Indian subscriptions have been adjusted to reflect active subscriptions as defined by the telecom regulatory authority in India. This better reflects real subscriber growth at a time when India’s operators have been deleting inactive subscriptions. All figures are rounded up or down to the nearest million. The sum of all rounded regional data may therefore differ slightly from the rounded total. Mobile subscriptions include all mobile technologies. M2M subscriptions are not included.

4  ERICSSON MOBILITY REPORT  JUNE 2013


> Global mobile penetration was at 90 percent in Q1 2013 and mobile subscriptions now total around 6.4 billion. However, the actual number of subscribers is around 4.5 billion, since many people have several subscriptions > China alone accounted for around 25 percent of net additions, adding around 30 million subscriptions > India (+10 million), Indonesia (+10 million), Brazil (+5 million) and Nigeria (+5 million) follow in terms of net additions

> There is continued strong momentum for smartphone uptake in all regions. Around 50 percent of all mobile phones sold in Q1 2013 were smartphones, compared to around 40 percent for the full year in 2012. Of all mobile phone subscriptions 20-25 percent are associated with smartphones, leaving considerable room for further uptake > LTE is now growing strongly, with around 20 million new subscriptions added in Q1 2013. GSM/EDGE-only subscriptions added ~30 million and WCDMA/HSPA ~60 million

> Global mobile subscriptions have grown around 8 percent year-on-year and 2 percent quarter-on-quarter > Global mobile broadband subscriptions1 have grown by around 45 percent year-on-year and have reached around 1.7 billion

Figure 2: Penetration percentage, Q1 2013

Central & Eastern Europe 132% Western Europe 128% Latin America 114% Middle East 109% North America 103% APAC excluding China & India 100% China

84%

Africa

71%

India

56%

Global penetration

90% Source: Ericsson (June 2013)

1

Mobile broadband is defined as CDMA2000 EV-DO, HSPA, LTE, Mobile WiMAX and TD-SCDMA.

Subscriptions vs subscribers There is a large difference between the number of subscriptions and subscribers. This is due to the fact that many subscribers have several subscriptions. Reasons for this could include users lowering their traffic cost by using optimized subscriptions for different types of calls, maximizing coverage and having different subscriptions for mobile PCs/tablets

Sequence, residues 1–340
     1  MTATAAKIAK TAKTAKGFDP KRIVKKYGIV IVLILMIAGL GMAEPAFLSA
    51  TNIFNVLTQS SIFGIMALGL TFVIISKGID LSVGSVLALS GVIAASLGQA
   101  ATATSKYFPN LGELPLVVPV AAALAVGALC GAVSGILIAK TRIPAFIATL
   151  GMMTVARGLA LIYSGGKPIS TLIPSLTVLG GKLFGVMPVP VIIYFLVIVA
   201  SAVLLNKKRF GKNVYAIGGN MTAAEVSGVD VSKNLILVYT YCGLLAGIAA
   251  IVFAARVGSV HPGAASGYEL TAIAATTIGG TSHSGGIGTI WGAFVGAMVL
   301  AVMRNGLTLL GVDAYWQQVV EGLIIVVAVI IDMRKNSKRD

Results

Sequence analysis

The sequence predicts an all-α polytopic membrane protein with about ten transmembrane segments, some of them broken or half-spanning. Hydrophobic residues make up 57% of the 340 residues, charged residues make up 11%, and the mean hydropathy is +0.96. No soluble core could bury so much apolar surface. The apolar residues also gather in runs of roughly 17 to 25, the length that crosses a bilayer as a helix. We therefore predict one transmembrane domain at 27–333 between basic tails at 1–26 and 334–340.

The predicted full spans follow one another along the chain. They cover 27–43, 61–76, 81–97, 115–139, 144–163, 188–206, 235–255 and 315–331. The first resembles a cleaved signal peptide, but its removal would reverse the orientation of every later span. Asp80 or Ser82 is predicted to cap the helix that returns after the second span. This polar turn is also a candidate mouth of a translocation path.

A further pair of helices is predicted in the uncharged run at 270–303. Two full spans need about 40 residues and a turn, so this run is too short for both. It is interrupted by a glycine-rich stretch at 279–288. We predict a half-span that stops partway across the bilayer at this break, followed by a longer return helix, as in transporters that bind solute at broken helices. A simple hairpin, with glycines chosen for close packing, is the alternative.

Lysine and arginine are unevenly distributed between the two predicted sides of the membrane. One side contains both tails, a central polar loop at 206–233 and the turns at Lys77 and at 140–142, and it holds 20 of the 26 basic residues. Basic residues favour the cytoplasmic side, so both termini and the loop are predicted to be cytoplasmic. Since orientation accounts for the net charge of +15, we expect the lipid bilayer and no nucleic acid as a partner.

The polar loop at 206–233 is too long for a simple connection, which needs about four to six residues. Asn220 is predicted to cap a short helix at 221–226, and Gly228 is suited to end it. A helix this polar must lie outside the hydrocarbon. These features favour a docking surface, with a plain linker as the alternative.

and for mobile phones. In addition, it takes time before inactive subscriptions are removed from operator databases. Consequently, subscription penetration can easily reach above 100 percent, which is the case in many countries today. It should however be noted that in some developing regions, it is common for several people to share one subscription, having for example a family or community shared phone.

JUNE 2013  ERICSSON MOBILITY REPORT  5


4.5

Subscriptions outlook

By Q1 2013, total mobile subscriptions exceeded 6.4 billion. By the end of 2018, they are expected to reach 9.1 billion. Global mobile broadband subscriptions reached around 1.7 billion in Q1 2013, and are predicted to reach 7 billion in 2018. The majority of mobile broadband devices are, and will continue to be, smartphones. Mobile broadband will gain a larger share of total broadband subscriptions in many markets, complementing xDSL in certain segments and replacing it in others. Mobile broadband also includes some feature phones.

9,000 Source: Ericsson (June 2013)

8,000 7,000 6,000 5,000 4,000 3,000 2,000 1,000 0 2009 2010 2011 2012 2013 2014 2015 2016 2017 2018 Fixed broadband

Smartphone penetration will increase rapidly, while it is estimated that subscriptions for basic phones will remain high, slowly declining from around 5 billion today, to around 4 billion in 2018. This is because a large part of the growth in subscriber numbers will come from the lower-end phone segment. 1

2

 oughly half of the increase in the smartphone forecast vs. R the previous edition is due to an increase in the underlying device forecast. The rest is reflecting a modification to the definition of smartphone subscriptions. Subscriptions do not include M2M subscriptions.